Initiation of white cell activation during cardiopulmonary bypass: Cytokines and receptors

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65 Scopus citations


The pathogenesis of organ injury induced by extracorporeal circulation involves many inflammatory cascades and cellular components of the immune system. One therapeutic approach is to target the neutrophil and minimize the deleterious effects of neutrophil activation during bypass. Mechanical removal of circulating neutrophils from the perfusate by filtration produced profound leukopenia in a dog model that persisted for 8-12 h post-bypass. The leukocyte-depleted animals had less lung sequestration of white cells than control animals and less evidence of white-cell activation. These differences resulted in significantly improved pulmonary gas exchange in the post-bypass period. Another approach to reducing cardiopulmonary bypass (CPB) neutrophil- mediated injury is modulation of neutrophil-endothelial adherence. One strategy is to improve the biocompatibility of the bypass circuit. Our laboratory measured the upregulation of the neutrophil-adhesion molecules CD11b and CD18 during CPB but did not demonstrate significant differences between membrane and bubble oxygenators. However, studies in pigs undergoing CPB with a standard extracorporeal circuit or a heparin-coated CPB circuit found less pulmonary injury in the heparin-coated group of animals. Specific therapy to inhibit adhesion molecule expression using the anti-inflammatory compound NPC 15669 has shown promise. Marked inhibition of neutrophil CD18 expression during and post-bypass, better gas exchange, and lower pulmonary vascular resistance occurred in the treated animals. The role of cytokines in relation to the morbidity associated with bypass is not clearly defined. Tumor necrosis factor-α (TNF-α), interleukin-1 (IL-1), IL-6, and IL-8 are usually (but not uniformly) elevated after cardiac operations.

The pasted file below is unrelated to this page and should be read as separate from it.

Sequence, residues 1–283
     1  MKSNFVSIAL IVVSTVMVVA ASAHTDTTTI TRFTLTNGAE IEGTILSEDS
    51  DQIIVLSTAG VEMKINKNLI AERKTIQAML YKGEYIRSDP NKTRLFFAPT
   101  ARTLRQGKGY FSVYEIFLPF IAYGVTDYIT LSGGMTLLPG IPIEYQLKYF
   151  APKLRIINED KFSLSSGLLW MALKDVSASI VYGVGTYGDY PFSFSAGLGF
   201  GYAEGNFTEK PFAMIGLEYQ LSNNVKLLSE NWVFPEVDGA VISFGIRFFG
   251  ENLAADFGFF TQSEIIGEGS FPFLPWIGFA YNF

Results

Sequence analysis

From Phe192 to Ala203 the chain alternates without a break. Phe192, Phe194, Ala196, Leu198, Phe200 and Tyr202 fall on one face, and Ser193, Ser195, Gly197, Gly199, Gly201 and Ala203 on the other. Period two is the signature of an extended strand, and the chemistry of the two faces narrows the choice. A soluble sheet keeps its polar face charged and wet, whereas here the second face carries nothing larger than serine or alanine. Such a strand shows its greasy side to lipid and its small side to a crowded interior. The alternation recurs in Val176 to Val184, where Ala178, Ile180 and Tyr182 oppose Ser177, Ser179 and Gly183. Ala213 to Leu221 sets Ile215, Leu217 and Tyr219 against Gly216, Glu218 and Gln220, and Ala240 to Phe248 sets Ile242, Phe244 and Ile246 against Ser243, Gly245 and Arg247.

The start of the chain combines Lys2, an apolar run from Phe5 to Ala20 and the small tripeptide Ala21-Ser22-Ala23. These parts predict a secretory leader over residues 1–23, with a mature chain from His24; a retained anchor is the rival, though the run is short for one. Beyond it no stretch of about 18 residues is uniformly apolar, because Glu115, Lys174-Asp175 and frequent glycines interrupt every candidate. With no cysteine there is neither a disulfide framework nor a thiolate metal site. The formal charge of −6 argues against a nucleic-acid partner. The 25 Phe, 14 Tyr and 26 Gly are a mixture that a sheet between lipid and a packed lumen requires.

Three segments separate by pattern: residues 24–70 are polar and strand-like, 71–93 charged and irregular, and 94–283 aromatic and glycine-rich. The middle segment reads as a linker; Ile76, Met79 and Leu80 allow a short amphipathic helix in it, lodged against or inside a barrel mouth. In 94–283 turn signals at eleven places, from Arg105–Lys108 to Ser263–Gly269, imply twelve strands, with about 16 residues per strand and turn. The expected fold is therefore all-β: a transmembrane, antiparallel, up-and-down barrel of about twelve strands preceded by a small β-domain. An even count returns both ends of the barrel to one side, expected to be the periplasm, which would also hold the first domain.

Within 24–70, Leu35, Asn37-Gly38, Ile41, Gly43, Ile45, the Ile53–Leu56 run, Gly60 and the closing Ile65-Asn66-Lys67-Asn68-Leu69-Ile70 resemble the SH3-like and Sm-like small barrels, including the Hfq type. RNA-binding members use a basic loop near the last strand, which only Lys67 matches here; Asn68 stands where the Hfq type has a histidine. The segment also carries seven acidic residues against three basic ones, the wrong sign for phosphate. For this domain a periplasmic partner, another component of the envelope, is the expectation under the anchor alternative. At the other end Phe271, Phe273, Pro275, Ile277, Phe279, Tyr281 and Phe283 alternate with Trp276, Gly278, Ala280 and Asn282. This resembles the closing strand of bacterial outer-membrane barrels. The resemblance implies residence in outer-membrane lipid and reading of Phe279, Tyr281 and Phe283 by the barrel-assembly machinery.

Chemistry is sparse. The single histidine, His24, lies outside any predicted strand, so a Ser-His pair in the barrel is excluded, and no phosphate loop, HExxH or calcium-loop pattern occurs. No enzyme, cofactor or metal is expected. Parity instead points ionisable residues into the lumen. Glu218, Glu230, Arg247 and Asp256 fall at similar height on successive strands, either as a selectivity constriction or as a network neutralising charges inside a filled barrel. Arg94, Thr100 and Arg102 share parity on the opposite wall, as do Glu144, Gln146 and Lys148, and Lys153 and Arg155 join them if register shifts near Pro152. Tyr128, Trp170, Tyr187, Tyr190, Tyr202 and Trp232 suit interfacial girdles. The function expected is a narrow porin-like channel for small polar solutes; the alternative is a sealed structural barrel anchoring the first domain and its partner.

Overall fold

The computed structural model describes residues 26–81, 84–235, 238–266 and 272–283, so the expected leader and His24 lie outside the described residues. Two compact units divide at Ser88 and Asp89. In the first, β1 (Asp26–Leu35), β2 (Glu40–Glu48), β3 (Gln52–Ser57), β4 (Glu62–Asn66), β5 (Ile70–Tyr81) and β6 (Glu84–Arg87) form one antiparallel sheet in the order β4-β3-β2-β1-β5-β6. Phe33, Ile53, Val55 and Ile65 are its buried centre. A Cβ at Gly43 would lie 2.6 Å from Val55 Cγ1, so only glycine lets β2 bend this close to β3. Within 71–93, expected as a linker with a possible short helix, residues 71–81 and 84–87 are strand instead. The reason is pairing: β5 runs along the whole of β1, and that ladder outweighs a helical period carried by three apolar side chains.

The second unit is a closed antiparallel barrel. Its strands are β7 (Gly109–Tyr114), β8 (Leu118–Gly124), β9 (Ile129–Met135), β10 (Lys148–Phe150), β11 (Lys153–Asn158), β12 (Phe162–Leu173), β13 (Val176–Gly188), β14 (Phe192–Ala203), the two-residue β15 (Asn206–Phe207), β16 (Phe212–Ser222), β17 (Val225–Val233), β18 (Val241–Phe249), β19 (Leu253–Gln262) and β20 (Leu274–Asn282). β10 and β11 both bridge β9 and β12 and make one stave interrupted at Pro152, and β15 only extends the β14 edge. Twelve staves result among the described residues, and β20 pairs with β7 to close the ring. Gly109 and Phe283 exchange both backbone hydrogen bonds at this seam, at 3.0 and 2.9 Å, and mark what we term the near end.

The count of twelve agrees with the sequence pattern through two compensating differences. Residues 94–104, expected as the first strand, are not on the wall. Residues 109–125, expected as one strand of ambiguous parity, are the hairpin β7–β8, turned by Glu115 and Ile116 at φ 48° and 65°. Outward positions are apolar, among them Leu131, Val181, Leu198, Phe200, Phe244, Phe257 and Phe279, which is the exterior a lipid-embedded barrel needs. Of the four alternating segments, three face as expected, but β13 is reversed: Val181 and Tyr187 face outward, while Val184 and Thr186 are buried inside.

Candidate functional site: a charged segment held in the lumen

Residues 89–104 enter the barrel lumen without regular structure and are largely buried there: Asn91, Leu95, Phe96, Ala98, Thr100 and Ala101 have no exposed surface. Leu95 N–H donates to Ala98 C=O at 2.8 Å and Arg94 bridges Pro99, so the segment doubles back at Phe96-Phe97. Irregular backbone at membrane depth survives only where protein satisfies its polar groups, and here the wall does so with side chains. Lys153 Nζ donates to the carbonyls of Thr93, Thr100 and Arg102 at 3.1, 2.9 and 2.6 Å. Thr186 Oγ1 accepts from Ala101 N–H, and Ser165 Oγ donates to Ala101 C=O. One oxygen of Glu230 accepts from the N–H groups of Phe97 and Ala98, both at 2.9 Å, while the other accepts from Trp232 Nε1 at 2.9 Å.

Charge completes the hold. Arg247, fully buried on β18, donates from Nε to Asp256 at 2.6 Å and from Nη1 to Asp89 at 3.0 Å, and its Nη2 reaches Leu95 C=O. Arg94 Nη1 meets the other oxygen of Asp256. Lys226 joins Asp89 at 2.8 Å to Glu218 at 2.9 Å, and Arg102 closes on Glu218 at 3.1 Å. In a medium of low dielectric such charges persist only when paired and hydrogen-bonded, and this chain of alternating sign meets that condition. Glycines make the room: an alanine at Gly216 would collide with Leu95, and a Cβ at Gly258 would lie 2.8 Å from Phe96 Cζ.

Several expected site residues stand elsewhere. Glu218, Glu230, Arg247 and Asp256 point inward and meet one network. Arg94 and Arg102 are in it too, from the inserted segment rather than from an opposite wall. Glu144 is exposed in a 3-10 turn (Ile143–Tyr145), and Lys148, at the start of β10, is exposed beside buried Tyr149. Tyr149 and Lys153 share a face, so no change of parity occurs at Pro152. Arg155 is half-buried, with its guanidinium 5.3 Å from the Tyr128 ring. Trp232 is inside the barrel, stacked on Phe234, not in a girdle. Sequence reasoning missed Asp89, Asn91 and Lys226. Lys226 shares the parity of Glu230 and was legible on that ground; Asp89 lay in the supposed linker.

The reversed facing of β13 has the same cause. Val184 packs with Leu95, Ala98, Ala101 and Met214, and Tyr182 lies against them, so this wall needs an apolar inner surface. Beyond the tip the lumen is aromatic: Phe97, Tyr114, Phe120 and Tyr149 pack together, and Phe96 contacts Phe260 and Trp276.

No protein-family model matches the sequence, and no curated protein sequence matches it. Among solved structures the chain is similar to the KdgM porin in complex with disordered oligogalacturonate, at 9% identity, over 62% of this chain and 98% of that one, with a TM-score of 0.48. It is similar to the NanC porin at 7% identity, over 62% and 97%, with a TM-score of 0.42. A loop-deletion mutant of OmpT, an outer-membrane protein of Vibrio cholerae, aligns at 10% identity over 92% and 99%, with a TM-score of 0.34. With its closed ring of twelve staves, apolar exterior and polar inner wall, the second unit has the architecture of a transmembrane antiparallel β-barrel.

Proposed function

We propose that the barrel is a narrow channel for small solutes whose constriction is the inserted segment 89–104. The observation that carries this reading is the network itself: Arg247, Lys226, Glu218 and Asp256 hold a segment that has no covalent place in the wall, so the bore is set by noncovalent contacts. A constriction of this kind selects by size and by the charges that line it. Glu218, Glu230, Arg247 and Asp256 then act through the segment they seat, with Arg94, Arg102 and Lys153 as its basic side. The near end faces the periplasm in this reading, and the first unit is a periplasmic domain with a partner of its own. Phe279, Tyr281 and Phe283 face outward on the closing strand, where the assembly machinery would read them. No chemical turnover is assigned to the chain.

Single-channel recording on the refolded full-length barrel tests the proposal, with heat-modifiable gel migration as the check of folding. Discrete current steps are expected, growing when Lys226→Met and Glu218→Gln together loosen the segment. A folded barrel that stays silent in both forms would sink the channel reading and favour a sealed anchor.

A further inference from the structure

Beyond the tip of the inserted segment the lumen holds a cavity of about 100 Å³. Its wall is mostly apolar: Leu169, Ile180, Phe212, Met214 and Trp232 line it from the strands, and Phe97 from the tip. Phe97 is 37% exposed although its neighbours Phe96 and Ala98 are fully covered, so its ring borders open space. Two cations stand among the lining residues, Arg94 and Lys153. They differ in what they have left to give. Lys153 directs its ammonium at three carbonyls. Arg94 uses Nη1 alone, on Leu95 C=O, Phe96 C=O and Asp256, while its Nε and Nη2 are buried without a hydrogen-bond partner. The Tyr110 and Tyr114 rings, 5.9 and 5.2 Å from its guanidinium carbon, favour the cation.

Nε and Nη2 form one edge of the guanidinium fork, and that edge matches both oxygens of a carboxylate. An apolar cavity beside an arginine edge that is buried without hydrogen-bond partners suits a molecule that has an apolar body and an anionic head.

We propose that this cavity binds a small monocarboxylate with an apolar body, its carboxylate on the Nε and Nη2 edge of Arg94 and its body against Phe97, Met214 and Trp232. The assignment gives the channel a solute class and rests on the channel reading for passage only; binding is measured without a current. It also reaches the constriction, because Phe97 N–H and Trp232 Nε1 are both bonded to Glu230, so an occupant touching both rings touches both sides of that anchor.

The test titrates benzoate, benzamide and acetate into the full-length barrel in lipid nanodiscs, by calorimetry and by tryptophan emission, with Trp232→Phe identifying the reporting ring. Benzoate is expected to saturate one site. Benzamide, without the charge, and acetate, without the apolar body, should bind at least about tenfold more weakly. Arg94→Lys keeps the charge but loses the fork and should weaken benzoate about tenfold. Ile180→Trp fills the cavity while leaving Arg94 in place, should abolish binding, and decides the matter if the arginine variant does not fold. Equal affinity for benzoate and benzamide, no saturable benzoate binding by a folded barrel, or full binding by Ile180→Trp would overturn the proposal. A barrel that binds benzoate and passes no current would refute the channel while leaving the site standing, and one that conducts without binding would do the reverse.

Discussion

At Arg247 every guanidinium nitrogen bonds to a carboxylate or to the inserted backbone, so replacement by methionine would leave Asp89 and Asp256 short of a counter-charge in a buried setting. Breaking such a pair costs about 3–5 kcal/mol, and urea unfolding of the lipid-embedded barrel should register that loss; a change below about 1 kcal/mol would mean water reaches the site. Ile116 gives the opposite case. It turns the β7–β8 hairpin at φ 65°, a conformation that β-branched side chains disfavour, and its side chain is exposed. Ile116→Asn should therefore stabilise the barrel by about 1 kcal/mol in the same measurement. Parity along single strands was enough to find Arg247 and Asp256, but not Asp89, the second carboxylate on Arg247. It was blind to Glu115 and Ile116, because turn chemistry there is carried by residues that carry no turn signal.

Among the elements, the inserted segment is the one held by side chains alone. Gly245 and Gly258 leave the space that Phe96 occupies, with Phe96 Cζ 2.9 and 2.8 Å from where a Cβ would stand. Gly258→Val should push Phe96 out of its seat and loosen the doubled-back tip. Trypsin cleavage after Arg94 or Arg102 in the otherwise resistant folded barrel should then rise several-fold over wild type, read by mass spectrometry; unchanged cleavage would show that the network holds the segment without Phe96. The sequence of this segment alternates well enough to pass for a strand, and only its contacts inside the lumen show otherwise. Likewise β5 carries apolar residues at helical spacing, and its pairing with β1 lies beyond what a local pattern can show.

Original languageEnglish (US)
Pages (from-to)S1-S5
JournalJournal of cardiovascular pharmacology
Issue numberSUPPL. 1
StatePublished - Feb 28 1996


  • Adhesion receptors
  • Cardiopulmonary bypass
  • Cytokines
  • Heparin-coated circuits
  • Lamidins
  • Neutrophil activation

ASJC Scopus subject areas

  • Pharmacology
  • Cardiology and Cardiovascular Medicine


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